The parable then is a recognition of the fact that the divine in Jesus communicates the eschatological message of last judgement through these unnamed, under-represented women, who at times in Christian history and, from some perspectives still in the Christian present, are seen as incapable of being the bearers of the Gospel. This parable therefore is an affirmation of the strength of women as bearers, instruments, agencies, and resources of the Gospel of Jesus Christ. In our moms’ play, when it was written and performed by all women, one could feel the dancing of the Gospel coming alive, for the Spirit of God through our moms gripped us all to turn towards God, and made a lasting impact and impression in the lives of the audience there.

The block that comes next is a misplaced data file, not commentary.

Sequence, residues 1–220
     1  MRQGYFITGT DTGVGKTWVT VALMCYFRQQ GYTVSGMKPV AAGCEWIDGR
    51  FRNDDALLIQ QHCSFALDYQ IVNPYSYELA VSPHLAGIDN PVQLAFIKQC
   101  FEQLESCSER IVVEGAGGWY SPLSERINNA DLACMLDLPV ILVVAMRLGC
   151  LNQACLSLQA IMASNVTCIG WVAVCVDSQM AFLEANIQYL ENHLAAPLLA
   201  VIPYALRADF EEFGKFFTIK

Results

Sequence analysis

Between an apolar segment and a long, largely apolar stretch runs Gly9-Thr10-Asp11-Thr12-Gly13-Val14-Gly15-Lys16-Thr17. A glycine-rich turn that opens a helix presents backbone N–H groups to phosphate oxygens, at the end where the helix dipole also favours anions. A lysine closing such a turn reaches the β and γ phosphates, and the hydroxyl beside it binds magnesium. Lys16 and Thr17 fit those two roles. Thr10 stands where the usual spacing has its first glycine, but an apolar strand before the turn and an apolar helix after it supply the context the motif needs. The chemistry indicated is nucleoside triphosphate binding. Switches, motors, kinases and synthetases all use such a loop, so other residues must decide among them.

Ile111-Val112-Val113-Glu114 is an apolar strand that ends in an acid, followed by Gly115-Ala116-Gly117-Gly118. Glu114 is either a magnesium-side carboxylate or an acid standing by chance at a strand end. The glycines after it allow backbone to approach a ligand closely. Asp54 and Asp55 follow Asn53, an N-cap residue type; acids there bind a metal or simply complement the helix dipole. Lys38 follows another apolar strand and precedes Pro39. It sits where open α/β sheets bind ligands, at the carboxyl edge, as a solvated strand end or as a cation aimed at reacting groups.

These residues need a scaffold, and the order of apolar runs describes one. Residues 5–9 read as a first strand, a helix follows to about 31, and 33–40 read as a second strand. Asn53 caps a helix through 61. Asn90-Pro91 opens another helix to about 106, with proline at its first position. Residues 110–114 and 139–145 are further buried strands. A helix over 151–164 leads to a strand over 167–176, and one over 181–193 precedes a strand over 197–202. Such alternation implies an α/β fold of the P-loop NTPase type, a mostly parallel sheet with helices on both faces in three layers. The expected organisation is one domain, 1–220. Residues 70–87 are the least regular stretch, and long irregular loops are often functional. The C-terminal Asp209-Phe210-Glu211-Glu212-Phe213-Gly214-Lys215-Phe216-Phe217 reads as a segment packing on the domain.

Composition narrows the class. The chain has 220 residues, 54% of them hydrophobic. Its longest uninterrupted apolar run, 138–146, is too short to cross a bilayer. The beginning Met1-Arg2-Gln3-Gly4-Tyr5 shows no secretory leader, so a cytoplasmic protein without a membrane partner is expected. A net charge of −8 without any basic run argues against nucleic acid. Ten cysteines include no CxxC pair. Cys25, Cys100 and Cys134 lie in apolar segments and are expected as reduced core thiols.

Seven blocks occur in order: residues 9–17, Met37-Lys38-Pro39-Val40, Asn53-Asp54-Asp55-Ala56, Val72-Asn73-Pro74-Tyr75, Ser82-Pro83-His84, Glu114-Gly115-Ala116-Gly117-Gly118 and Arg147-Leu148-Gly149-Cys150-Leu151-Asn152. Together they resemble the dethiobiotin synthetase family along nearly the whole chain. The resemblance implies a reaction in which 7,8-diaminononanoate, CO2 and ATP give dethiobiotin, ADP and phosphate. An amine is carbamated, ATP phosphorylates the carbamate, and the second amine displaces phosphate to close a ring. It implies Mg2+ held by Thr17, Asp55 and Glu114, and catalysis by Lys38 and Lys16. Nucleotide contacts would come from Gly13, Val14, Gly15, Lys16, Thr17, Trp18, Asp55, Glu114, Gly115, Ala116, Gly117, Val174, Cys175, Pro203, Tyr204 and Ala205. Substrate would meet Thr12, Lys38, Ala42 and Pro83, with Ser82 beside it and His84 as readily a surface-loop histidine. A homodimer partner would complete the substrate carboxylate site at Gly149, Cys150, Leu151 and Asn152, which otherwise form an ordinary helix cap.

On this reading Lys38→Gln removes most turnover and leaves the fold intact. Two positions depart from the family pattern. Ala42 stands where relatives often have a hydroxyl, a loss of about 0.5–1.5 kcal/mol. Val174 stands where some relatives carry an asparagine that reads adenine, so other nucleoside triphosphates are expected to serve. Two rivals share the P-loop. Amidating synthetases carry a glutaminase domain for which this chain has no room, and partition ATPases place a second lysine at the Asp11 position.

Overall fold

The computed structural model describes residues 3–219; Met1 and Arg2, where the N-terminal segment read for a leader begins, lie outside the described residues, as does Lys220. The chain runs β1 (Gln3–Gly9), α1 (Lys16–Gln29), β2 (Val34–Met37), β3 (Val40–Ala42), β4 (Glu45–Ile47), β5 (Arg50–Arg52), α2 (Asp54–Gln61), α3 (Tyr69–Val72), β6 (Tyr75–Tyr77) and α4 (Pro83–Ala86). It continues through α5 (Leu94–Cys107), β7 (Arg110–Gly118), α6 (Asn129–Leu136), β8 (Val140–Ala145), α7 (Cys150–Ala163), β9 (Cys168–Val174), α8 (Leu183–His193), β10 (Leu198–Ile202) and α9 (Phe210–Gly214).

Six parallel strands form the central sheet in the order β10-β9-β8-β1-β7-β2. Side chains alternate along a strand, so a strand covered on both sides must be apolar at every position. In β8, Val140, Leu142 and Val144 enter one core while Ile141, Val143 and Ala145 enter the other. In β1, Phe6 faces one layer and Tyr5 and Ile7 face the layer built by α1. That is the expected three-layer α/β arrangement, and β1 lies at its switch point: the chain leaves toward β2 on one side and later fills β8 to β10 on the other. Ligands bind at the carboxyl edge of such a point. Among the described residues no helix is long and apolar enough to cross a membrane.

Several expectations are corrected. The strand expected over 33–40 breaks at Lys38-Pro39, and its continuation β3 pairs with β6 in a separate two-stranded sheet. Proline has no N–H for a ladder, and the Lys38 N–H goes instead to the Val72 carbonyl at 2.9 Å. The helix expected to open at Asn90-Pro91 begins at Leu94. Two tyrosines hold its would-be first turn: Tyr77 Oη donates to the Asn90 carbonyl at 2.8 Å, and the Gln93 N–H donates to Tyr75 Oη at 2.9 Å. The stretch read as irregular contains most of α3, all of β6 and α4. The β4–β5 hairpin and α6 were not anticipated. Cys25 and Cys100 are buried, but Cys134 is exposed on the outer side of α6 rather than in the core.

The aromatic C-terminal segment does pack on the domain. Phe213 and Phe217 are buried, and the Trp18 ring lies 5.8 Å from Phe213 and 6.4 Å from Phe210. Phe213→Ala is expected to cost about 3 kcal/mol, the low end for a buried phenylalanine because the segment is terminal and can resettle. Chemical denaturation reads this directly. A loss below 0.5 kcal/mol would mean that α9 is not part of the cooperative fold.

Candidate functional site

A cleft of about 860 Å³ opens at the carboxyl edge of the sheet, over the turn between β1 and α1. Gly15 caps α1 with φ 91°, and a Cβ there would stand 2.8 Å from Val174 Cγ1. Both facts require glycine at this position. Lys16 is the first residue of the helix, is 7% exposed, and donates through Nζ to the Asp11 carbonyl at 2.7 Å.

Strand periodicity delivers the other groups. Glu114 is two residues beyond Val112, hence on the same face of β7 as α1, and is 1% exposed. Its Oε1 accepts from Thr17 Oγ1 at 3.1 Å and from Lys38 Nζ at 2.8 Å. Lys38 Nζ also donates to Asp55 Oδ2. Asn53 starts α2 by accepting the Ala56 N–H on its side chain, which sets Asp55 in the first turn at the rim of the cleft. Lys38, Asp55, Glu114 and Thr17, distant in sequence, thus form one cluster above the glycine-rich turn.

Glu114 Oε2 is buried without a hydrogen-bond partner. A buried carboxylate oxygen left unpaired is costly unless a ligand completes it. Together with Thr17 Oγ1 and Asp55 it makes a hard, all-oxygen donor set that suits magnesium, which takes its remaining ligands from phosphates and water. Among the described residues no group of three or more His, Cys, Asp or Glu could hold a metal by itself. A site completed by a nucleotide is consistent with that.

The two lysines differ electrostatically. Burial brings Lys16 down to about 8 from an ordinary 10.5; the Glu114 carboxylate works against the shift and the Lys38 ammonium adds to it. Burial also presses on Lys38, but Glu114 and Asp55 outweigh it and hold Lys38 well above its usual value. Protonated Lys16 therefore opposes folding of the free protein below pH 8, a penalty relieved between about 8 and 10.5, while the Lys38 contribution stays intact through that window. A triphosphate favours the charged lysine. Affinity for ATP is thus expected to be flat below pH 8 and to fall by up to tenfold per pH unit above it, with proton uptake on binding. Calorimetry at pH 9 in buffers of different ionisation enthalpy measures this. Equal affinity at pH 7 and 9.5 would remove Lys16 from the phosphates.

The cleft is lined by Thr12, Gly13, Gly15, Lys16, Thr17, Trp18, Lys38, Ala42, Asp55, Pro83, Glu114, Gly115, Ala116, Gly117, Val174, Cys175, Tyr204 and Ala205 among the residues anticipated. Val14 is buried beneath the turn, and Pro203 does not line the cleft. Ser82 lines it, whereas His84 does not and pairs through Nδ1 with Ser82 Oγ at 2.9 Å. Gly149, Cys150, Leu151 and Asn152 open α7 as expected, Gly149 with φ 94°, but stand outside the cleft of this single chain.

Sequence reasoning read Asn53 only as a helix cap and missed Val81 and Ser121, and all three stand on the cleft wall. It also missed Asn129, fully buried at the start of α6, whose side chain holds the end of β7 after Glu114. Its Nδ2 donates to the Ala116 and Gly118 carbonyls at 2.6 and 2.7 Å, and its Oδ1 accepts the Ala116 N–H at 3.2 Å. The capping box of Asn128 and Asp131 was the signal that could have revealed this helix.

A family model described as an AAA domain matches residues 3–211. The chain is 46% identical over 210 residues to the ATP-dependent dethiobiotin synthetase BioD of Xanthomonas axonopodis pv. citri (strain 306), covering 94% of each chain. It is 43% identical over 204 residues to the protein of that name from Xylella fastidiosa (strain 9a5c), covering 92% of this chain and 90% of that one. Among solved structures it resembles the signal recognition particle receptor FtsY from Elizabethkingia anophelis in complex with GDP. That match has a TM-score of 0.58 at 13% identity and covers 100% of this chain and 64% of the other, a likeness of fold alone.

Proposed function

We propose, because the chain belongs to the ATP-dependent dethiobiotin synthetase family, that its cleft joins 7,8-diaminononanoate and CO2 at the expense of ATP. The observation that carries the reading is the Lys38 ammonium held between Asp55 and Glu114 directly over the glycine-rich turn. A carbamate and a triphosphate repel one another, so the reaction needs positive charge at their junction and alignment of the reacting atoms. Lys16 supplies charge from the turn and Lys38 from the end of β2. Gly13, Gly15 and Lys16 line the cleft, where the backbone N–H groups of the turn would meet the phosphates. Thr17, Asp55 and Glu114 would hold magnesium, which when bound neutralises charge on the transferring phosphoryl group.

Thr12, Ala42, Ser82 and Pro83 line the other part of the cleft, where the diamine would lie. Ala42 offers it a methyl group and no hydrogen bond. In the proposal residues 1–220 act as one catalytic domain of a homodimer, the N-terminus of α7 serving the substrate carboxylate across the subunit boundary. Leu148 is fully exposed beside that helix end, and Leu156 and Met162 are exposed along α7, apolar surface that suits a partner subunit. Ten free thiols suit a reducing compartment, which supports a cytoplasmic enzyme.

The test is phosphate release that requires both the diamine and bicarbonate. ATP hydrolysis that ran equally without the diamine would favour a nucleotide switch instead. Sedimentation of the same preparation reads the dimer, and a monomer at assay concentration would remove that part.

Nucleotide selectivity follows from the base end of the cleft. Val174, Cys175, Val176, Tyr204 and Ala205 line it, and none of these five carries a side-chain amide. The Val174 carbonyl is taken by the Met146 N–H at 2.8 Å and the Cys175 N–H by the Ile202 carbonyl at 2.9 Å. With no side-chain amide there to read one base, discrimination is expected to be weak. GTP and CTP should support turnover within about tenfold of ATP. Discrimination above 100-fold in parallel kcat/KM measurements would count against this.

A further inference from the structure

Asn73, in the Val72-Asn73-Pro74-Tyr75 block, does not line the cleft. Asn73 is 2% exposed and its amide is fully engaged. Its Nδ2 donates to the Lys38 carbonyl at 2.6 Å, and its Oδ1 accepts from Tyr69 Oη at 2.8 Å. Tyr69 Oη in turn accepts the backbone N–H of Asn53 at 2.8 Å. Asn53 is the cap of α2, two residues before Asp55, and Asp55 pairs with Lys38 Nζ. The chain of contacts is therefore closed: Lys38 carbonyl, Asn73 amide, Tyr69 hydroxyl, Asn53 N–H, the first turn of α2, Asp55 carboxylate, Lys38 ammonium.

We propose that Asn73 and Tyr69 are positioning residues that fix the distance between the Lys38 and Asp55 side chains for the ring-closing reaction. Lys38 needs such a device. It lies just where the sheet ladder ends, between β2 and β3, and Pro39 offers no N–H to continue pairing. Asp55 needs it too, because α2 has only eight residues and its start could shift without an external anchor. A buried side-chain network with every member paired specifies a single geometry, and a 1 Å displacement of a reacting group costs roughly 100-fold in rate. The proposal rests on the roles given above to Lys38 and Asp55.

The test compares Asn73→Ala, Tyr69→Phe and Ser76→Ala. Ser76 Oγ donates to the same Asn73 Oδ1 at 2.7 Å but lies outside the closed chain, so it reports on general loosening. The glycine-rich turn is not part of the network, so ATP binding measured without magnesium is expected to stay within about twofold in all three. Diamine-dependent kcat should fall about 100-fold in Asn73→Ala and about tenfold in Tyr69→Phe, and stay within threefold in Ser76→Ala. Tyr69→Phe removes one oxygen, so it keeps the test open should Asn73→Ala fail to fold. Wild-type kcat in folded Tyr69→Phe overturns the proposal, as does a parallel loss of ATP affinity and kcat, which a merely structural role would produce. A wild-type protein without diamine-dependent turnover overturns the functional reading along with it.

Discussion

This parable challenges us to discuss who represents whom today in our churches and societies. It is time that the Church starts hearing to speech those on the margins and giving a listening ear to the voice of the divine which has been groaning to be heard. Representation is aligned deeply with identity, and identity is a sum total of who we are as a person and the groups to which we belong to. In the multicultural post-secular British context today, the identity of those on the margins matters, and their representation is imperative in nurturing faith for our times.

[i] Slee, Nicola, “Parables and women’s experience,” in Modern Churchman, 26 no 2 1984, p 20-31.

2 thoughts on “Who represents?”